“I vowed to never take personal responsibility for other people’s spoons/attitudes/stupidity, because frankly, I have enough to worry about with my own shit”
I read that line in the middle of a hideous week and it felt scriptural.
I decided to start the challenge reading “Furiously Happy” by Jenny Lawson, an author with mental illness. I am a fan of Ms. Lawson (If you have not read anything by her, start here, you are welcome) but I was a bit hesitant to dig in since this book deals in essays of depression and mental illness.
Full disclosure: I have depression and PTSD. It is a weird thing to admit to at times, considering I am generally a very bubbly and social creature, but it is part of my daily life along with their symptoms- crying, anxiety attacks due to triggers (which include prison, and several things related to immigration), days where I couldn’t get up, nightmares and a bevy of other things.
You’d never suspect it by looking at me, but at the height of my depression (before I was diagnosed) I struggled to do basic things like feed myself or shower. My mother came to find me in a mess of a house with barely any semblance of order. It was scary but with her help- and the help of my friends and family- I started to crawl out of the hole.
I am slowly taking steps to reclaim myself. I’ve redecorated my room. My kitchen sink is regularly free of dirty dishes, and my clothes are all clean.
Ms. Lawson touches on things like these in various essays- there is a sense of repetitiveness and various themes that feel almost like the chorus of the book: depression lies (it does), there are so many others who are going through the same thing, you are not alone, your mind is playing tricks on you, your dark days are not forever. For those who may not experience any of the signs of depression it may sound like a bunch of messages you’d find scrawled across a poster of a kitten hanging on (those are THE BEST) which is basically my endorsement of the book. Everyone needs the literary equivalent of kitten motivational posters, especially if they include swearing.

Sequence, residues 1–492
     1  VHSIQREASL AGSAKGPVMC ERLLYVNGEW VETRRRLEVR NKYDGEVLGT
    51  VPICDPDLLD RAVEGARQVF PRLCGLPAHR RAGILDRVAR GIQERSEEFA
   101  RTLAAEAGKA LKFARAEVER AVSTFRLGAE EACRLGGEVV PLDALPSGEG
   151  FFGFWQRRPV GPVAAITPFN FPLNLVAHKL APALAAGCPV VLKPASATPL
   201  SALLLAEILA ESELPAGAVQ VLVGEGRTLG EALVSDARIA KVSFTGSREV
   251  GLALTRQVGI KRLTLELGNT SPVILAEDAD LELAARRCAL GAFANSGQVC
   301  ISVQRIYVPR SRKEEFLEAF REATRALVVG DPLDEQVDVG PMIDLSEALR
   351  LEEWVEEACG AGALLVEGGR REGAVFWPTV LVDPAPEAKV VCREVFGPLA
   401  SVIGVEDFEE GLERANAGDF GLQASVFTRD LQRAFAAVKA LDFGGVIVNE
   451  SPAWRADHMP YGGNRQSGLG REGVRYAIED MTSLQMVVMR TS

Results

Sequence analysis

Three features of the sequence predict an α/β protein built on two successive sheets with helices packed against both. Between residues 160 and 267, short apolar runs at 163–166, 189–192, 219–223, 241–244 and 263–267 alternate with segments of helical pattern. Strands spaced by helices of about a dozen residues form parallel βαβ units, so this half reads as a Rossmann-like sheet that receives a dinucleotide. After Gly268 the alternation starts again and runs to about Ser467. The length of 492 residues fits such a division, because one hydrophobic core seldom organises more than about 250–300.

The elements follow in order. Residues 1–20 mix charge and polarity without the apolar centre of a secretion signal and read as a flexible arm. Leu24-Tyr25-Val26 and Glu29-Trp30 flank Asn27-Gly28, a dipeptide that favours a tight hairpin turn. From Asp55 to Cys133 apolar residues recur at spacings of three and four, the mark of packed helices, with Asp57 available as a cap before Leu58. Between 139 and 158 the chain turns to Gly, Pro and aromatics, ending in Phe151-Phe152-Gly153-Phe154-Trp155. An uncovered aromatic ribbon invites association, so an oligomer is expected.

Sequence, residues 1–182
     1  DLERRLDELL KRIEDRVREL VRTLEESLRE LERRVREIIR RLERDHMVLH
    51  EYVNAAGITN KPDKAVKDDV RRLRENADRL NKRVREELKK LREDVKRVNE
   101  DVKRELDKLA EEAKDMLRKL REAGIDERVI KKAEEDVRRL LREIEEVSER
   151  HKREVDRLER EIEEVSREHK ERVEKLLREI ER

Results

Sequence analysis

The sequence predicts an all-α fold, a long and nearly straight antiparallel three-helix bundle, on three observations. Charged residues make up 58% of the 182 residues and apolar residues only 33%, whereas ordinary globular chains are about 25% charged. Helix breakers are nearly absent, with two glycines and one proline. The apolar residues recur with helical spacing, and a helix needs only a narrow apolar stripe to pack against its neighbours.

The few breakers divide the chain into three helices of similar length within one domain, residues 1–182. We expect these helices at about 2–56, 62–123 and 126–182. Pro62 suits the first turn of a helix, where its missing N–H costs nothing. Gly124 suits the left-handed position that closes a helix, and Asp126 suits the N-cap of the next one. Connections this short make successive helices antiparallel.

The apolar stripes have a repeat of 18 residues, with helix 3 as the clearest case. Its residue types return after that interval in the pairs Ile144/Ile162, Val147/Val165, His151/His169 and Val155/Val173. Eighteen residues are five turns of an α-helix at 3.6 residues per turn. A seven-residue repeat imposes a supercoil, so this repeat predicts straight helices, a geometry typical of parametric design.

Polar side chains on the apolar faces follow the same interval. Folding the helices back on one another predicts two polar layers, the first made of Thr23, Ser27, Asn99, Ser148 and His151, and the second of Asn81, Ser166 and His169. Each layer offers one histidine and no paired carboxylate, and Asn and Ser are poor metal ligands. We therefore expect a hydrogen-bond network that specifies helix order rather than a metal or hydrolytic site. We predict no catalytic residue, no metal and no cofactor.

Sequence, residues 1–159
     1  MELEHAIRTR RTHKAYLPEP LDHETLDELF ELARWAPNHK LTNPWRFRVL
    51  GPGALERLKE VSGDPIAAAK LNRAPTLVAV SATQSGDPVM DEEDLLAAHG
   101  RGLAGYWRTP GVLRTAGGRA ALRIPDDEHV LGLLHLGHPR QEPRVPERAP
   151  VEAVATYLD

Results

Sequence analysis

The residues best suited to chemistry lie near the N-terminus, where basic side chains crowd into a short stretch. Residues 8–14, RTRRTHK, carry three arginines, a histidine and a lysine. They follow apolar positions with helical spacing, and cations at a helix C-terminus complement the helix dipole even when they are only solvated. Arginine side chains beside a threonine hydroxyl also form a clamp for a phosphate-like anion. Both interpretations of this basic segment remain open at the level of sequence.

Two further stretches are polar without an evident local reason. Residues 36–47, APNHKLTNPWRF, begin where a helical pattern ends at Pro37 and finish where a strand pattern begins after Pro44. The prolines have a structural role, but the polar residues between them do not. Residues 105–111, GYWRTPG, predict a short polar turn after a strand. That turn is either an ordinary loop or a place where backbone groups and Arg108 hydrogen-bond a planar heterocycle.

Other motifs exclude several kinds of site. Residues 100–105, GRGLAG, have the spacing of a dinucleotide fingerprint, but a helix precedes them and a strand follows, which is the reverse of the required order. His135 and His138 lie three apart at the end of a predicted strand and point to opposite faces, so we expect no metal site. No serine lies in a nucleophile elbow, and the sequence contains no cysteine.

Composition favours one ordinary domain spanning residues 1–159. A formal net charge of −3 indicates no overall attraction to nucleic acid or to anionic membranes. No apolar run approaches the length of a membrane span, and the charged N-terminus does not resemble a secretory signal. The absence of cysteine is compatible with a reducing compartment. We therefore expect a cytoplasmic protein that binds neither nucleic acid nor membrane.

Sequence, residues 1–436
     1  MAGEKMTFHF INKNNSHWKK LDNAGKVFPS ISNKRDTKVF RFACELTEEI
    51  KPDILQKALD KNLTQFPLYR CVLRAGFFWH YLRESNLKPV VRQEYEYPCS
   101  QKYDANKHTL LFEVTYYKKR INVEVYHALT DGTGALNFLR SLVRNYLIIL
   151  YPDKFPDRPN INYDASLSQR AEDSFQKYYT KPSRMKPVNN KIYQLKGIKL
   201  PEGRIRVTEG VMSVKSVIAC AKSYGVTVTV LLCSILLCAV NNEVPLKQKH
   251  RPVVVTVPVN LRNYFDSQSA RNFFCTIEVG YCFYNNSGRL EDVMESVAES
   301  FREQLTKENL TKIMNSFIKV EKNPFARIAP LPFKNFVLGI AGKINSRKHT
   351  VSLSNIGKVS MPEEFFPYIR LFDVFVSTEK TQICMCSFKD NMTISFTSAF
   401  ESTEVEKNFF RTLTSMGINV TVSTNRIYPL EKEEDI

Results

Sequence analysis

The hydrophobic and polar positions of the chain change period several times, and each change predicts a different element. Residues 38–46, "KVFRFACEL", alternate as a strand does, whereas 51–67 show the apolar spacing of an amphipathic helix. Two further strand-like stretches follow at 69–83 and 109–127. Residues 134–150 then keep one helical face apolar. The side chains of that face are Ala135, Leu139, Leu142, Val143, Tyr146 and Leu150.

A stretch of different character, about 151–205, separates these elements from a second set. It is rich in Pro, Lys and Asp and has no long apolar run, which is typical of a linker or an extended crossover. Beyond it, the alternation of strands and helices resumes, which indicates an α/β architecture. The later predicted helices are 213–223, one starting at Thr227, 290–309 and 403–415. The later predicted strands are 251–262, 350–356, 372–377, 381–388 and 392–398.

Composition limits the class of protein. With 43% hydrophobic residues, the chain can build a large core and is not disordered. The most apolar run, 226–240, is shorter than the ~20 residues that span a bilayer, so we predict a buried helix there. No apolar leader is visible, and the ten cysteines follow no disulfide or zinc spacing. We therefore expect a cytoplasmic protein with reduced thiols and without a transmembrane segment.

The good parts of the book: Jenny Lawson is hilarious so, there is lots of comedic swearing, a dermatological equivalent of the whos of Whoville, an overjoyed taxidermied raccoon or two- lots of taxidermied animals actually- cats, various stories on side effects from medication, anxiety stories, spousal disagreements over things proper compliments, reminders that you are not alone, reminders that mental illness lies, reminders that we still need you around.
The not so good parts: It might seem repetitive in its message at parts- there were points where I went back because I wondered if I was re-reading a chapter. Please keep in mind that this is an essay collection by a humor writer with a mental illness who is open and honest about said illness and writes for other people with mental illnesses. Constant reminders of not being alone, and of the lies that mental illness will try to get you to believe are part of our very survival.
Things you need to know before proceeding: There is a lukewarm trigger warning at the beginning of her essay titled “The Fear” in regards to self-harm, so if this is is an issue for you, feel free to skip over that essay. I don’t struggle with self harm and it was still a difficult and heartbreaking read.
Furiously happy as a principle focuses on reclaiming your mental illness- Ms. Lawson posits that the depths of despair have made her path to happiness unconventional; sometimes through running through a cemetery in a red dress, buying a new taxidermied animal, wearing a realistic looking fake nipple, among other things.
I saw myself reflected in that and thought back to times when my fight for joy has looked unconventional- swimming naked with my two best friends, eating barefoot on cushions with another, random unexpected trips to small nowhere towns.
I too have been furiously happy- and you can be too.